Wednesday, October 26, 2016

Hannah Pittard

Hannah Pittard is the author, most recently, of the novel Listen to Me, which was a New York Times Editors' Choice, a Washington Post Best Summer Thriller, an Entertainment Weekly Seriously Scary Summer Read, a Millions Most Anticipated Book, a Lit Hub Buzz Book, and a Refinery 29 Best Book So Far.

Recently I asked the author about what she was reading. Pittard's reply:
My reading life is all over the place right now. On my nightstand are The Autobiography of Malcolm X, Nancy Jo Sales’ American Girls, and Viet Thanh Nguyen’s The Sympathizer, all of which I’m actively reading. But the book I want to say something about is that one I've only just finished and have therefore already (and somewhat wistfully) re-shelved. This is Elizabeth Taylor’s Angel. It’s the story of Angel, an impetuous young woman (we meet her in the last year of Queen Victoria’s reign) who is determined to become an admired and famous writer. She does become a famous author but she is never admired, at least not by critics, whose approbation she both scorns and craves. The story follows Angel from her teens to her death and her arc is both gut-wrenchingly sad and heartbreakingly hilarious. On nearly every page, I found myself dog-earing or underlining passages I hope to return to again and again. But here is one, towards the end, that is nearly perfect in its distillation of Angel’s interiority:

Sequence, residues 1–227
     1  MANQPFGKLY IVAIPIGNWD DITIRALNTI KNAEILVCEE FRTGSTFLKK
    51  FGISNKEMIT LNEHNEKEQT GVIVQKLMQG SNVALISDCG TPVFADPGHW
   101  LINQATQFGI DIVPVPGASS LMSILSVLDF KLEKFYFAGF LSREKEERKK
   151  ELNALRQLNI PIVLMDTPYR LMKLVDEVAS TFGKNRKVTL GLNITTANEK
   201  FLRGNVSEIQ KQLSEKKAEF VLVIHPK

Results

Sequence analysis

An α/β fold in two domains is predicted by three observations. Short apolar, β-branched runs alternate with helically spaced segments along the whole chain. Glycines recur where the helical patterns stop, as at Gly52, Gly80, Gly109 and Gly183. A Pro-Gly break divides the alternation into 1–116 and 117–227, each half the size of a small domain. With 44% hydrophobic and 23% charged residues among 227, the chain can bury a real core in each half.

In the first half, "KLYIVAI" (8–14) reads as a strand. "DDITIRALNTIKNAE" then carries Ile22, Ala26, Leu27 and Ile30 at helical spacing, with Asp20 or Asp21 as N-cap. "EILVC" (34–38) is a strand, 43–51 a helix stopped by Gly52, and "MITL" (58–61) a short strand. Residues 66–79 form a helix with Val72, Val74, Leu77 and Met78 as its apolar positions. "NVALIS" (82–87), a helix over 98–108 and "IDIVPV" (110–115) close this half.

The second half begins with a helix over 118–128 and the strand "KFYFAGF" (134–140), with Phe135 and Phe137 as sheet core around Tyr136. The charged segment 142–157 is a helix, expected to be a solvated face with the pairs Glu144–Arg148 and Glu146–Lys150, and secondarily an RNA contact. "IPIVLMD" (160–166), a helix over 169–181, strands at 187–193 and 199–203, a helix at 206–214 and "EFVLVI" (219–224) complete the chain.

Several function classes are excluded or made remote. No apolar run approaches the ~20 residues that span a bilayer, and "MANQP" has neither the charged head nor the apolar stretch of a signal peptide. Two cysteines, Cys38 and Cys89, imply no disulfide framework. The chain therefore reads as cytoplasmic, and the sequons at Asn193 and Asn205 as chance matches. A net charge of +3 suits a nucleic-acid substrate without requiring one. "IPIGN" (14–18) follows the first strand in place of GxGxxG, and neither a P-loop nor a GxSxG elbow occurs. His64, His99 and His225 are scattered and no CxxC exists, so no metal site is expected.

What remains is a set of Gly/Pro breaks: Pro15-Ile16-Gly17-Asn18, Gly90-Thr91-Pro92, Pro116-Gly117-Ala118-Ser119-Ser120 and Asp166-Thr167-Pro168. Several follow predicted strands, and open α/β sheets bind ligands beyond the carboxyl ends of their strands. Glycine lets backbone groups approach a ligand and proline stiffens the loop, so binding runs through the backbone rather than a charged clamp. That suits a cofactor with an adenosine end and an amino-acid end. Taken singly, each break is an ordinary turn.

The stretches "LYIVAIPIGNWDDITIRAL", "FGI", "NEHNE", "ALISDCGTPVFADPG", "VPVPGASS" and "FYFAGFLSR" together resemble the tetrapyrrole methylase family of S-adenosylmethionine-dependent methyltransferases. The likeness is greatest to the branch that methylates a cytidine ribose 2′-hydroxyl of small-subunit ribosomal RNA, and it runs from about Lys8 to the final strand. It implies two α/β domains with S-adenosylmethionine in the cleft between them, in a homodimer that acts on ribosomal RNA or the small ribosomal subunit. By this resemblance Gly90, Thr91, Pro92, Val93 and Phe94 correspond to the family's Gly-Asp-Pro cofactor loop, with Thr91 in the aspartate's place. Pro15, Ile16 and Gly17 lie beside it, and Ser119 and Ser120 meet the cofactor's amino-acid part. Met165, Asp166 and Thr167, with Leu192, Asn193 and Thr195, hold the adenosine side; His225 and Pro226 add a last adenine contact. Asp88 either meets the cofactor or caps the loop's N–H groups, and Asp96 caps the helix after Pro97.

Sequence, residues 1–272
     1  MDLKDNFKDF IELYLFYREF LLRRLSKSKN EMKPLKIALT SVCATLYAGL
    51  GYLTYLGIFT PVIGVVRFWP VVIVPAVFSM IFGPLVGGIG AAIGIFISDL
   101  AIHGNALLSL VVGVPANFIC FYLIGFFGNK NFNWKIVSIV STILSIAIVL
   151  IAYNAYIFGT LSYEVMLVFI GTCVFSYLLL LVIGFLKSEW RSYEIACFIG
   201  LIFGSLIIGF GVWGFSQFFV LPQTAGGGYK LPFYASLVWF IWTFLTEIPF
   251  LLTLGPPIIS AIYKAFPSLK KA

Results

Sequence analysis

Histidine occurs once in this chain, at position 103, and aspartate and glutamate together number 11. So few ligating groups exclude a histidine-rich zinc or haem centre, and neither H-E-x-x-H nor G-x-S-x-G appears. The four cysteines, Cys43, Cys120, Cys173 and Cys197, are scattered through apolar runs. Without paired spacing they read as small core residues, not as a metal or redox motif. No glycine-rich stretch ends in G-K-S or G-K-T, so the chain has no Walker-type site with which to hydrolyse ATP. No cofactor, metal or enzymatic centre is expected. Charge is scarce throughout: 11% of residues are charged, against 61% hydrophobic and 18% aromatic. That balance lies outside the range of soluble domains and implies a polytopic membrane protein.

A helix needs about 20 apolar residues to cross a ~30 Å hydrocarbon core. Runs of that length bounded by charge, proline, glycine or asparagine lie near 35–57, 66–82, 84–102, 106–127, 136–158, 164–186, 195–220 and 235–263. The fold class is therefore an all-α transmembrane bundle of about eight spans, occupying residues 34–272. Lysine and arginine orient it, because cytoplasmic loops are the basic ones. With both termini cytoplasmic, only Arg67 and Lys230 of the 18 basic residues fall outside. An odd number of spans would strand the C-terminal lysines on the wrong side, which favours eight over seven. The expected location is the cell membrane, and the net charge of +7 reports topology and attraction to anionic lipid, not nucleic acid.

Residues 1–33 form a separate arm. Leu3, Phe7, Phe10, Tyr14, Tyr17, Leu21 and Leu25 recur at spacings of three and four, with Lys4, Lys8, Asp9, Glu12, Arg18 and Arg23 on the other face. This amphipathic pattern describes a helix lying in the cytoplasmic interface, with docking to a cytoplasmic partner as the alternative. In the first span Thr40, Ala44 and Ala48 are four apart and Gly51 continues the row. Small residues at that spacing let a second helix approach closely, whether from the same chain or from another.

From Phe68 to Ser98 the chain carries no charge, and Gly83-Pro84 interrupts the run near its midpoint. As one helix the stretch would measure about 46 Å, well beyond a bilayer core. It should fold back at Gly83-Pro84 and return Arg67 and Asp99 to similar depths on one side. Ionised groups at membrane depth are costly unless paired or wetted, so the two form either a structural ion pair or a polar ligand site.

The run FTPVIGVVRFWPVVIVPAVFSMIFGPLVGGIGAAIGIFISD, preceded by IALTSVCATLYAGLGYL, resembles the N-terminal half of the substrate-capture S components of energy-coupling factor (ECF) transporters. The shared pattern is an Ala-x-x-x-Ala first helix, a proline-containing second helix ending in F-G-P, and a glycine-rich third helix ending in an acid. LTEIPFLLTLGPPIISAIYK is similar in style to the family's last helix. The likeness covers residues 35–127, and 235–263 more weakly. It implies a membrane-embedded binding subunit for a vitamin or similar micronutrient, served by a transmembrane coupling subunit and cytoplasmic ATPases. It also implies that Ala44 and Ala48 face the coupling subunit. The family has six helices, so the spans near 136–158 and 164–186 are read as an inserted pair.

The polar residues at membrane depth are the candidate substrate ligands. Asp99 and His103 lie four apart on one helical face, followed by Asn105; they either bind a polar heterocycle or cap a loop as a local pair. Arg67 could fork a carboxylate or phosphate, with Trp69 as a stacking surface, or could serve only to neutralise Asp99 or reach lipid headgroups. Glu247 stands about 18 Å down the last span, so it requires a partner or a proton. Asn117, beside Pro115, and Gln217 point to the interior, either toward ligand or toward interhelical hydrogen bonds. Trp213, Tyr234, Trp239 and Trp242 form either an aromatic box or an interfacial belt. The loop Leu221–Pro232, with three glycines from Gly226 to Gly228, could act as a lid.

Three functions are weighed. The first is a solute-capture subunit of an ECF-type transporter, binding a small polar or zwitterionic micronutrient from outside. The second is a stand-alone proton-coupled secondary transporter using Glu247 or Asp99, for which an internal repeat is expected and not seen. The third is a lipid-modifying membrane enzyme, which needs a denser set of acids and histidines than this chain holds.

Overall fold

“Perhaps she saw nothing as it was, everything as it should have be, though doubtless never had been; thought she retained whatever her hands had once touched: fame, love, money. Like a fortune-teller in reverse, he knew what she had been, and could tell what she had had by her assumption that it was all there still."
Visit Hannah Pittard's website.

--Marshal Zeringue